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@bdb484's answer is good and correct. I'm coming in with the advantage of its commentary to address the questions generated there; this is just too long for a comment.

I own a kitchen knife. I can do with it as I please - carving a turkey for dinner, opening packages, throwing it at a dart board, or throwing it away.

One day, I use that kitchen knife to kill someone. Killing people is illegal (generally). Since I've used the knife to commit a crime, the knife is now physical evidence. If I move the knife, throw it away, melt it down, or possibly even run it through the dishwasher, I've destroyed, mutilated, concealed, removed, or altered physical evidence, almost certainly with the "intent to impair its verity or availability in the pending or prospective official proceeding".

Thus, after I've murdered someone with the knife, I can no longer legally dispose of it (etc.) even though I still own it. The knife is no longer merely property, it is also physical evidence. Since it is now physical evidence, this law comes into play and it's illegal for me to take advantage of the normal rights I have to my property.

The police investigating the murder have the right to remove the knife as a routine part of the investigatory process. Their removal (and any subsequent alterations; eg., removing some of the blood to run tests) would be done without "intent to impair its verity or availability in the pending or prospective official proceeding" - in fact, their removal (etc.) is done with the specific intent to maintain its verity and availability. So, their actions are legal under this law.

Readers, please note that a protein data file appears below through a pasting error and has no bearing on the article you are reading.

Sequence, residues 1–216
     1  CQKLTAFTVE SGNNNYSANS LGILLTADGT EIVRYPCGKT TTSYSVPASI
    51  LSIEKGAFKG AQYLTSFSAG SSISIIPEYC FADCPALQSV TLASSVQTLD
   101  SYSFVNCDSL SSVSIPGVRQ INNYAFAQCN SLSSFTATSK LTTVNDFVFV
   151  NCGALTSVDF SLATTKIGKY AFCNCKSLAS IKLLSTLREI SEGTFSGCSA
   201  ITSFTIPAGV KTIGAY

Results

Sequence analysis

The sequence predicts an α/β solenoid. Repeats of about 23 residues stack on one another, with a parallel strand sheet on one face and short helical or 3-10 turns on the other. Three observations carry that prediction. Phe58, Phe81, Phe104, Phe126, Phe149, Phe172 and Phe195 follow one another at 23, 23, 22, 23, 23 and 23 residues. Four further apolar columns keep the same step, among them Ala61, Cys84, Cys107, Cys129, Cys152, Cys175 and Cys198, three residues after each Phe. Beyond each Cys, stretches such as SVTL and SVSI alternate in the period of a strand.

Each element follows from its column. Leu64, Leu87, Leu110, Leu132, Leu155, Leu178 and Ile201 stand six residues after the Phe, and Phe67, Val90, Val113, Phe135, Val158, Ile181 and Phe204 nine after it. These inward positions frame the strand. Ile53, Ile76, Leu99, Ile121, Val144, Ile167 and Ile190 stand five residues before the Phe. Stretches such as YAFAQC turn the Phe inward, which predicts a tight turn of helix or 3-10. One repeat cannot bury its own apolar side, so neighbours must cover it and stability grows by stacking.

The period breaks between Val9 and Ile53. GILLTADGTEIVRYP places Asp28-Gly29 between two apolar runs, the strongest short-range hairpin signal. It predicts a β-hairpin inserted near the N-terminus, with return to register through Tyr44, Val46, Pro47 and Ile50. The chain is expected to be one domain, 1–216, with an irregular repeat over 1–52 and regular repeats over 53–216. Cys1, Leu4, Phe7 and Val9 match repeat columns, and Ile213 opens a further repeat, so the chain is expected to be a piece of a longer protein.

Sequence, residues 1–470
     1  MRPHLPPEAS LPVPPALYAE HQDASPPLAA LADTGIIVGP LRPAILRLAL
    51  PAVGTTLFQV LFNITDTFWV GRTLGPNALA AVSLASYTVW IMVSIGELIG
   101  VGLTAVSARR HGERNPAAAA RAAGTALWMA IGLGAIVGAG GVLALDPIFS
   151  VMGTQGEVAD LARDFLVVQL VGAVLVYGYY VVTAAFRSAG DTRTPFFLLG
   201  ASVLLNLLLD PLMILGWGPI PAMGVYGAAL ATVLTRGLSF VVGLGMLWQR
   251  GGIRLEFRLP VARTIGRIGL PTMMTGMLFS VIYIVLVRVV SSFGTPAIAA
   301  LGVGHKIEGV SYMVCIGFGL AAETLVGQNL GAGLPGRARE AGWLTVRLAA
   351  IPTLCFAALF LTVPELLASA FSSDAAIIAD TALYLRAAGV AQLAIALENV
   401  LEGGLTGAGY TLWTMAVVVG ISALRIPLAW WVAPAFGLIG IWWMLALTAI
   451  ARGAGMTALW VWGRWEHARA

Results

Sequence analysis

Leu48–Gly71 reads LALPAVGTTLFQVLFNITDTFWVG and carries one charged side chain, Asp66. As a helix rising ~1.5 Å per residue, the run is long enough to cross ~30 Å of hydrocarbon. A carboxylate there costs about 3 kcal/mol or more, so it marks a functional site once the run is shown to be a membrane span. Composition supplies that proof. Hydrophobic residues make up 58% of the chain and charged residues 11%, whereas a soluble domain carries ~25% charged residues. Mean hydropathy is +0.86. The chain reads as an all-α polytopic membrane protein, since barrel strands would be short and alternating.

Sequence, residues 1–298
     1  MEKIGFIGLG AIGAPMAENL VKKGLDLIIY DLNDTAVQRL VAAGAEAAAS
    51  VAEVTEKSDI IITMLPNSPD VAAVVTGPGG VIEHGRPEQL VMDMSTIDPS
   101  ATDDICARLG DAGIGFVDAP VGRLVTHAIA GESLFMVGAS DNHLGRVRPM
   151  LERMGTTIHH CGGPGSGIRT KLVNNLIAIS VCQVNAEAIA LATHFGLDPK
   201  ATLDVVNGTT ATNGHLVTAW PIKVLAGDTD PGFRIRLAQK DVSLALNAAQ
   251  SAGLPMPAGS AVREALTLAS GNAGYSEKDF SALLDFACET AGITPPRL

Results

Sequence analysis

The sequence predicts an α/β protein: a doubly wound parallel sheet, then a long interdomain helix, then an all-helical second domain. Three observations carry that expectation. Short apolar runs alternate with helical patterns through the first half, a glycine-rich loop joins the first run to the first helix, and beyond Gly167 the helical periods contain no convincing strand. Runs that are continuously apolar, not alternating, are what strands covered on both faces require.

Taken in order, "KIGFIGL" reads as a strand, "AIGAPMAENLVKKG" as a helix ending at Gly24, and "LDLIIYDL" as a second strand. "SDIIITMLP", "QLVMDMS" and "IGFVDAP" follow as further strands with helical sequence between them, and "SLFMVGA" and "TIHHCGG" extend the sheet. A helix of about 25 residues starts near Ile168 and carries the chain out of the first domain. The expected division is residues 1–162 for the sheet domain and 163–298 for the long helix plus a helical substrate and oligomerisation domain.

So, we've got 2/3 of the law handled: I can't destroy the knife since I would be doing so to impair its availability, and the police can remove the knife from the crime scene because they're doing so without intending to impair its availability. Why, then, does the "acting without legal right or authority" clause exist?

I can see four categories of reasons for the "legal right or authority" clause:

First, as a broad clause that allows "weird" situations to be handled without jumping through too many hoops. Consider a suit that alleges that all of the evidence bags manufactured by Brand X between dates Y and Z were somehow tainted by the manufacturer (see, eg., the Phantom of Heilbronn, where a cotton swab factory's swabs were contaminated leading to police thinking they had a prolific serial killer on their hands) and a judge ordered that all evidence in those bags be destroyed. Lucky for me, my knife was in one of those bags and a police tech of some sort is going to destroy my knife. Are they acting "with intent to impair its verity or availability"? Probably, actually, since the judge's order was to destroy the evidence so that it couldn't be used. But, that doesn't matter: they're acting with the legal right or authority to destroy the evidence, so they're not committing a crime under this law.

Second, to allow evidence lockers to be cleaned up. If I've been found guilty and am out of appeals, is there any value in keeping my knife in an evidence locker somewhere? What if I've died? What if I died 100 years ago? If there are clear and reasonable policies for the destruction of evidence that can no longer be reasonably required, is the person destroying said evidence acting "with intent to impair its verity or availability"? It doesn't matter: they're acting with the legal right or authority to do so.